Port of Hamburg witnesses prosperity of Sino-German trade
The trading partnership between China and German city of Hamburg can be traced back to the 18th century. After years of development, the Port of Hamburg is now one of the most important European hubs for trade with China.
In 2018, the Port of Hamburg had a total seafreight volume of approximate 8.7 million twenty-foot equivalent units (TEU), of which some 2.6 million are related to China, according to the statistics released by the port.
“In the last hundreds of years, the trading volume has been always on the growing path. Nowadays, around a third of total cargo here is bound for China or originates there,” said Du Xiaohui, Chinese Consul General in Hamburg.
About half of Sino-German trade run through the Port of Hamburg, Du told Xinhua in a recent interview. And more than 550 Chinese companies have settled in the northern German city, and the number is still rising.
Located along the riverside in the city center, the Port of Hamburg Marketing is striving to strengthen the partnership of both sides after witnessing the existing trade prosperity.
“China is for us the biggest market, but not only these days, this is historical,” Axel Mattern, joint chief executive officer of Port of Hamburg Marketing, told Xinhua. “Hamburg is a classical import and export destination or hub for China.”
Mattern travels very often to China because he believes that a close contact should be established there. “We have a good position, because we have this long-lasting relationship,” he said. “That is something that we have to keep for us.”
“We have to identify mutual projects and to combine good ideas together, especially surrounding the Belt and Road Initiative,” said Mattern, who hopes to develop the good relationship even further.
Hamburg is the central freight handling hub for transport along both the maritime and overland Silk Road, Mattern said.
“We shall be further strengthening and expanding our location in terms of transport geography for the benefit of our worldwide port customers,” he said. “Hamburg is well positioned and prepared to be part of the initiative.”
Mattern’s remarks were echoed by Lars Anke, head of sales projects at Hamburger Hafen und Logistik AG (HHLA), a leading European logistics company with a history of more than 130 years.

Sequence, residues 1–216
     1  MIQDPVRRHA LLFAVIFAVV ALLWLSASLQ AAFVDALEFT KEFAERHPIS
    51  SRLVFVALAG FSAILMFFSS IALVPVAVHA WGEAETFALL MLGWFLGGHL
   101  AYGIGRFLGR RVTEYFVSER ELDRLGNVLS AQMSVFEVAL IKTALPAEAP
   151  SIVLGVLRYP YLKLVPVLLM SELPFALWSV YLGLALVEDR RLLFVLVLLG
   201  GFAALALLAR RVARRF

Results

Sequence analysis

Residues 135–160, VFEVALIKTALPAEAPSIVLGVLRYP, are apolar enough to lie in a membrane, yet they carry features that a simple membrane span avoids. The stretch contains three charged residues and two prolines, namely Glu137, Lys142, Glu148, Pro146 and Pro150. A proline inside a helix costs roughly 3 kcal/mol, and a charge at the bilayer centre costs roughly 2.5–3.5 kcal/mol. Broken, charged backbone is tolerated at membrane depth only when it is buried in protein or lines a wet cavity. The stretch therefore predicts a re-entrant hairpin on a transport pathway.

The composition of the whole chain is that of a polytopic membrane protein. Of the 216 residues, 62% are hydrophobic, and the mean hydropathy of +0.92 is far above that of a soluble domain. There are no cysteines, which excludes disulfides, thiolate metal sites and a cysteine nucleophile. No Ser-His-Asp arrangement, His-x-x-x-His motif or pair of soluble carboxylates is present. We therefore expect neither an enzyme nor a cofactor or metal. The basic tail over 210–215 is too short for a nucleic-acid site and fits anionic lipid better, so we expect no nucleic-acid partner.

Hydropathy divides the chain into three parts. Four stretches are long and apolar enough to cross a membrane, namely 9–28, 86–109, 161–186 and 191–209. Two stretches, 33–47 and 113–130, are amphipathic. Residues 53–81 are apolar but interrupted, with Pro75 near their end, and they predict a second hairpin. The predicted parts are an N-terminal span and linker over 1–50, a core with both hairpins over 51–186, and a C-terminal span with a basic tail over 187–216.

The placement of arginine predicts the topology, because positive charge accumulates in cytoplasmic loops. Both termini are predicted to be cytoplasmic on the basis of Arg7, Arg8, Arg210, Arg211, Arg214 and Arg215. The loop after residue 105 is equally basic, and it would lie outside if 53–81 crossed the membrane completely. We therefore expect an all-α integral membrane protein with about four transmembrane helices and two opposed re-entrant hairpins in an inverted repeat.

Anke told Xinhua that China has been one of the most important partners of Port of Hamburg and HHLA.
“There are very close cooperation relations between Hamburg and China. Therefore, both sides have great potential to strengthen win-win cooperation, especially under the Belt and Road Initiative,” he said.
As the operator for the Port of Hamburg, HHLA owns a mature network both by rail and by sea, which can help boost trade between China and Europe, according to Anke.
Hamburg, as a leading logistics hub, enjoys a dense network of around 2,000 container train connections, excellent autobahn infrastructure, a host of possibilities for transport by truck and inland waterway craft, as well as an airport with an air freight center.
“All parties, including local government in Hamburg, have showed their willingness to take part in the Belt and Road Initiative,” said Consul General Du, who has already held six symposiums on the topic.
“With its port’s outstanding rail infrastructure, Hamburg naturally forms part of China’s Belt and Road Initiative,” said Du, adding that the port closely connects the Hanseatic city to the Asian country.
Looking forward, the senior diplomat said that the cooperation between China and Hamburg has a solid foundation, on which both sides can expect new opportunities for cooperation on the new platform.
“Hamburg and Port of Hamburg face new chances to promote the comprehensive cooperation relations and trade prosperity between Hamburg and China, between Germany and China,” Du added.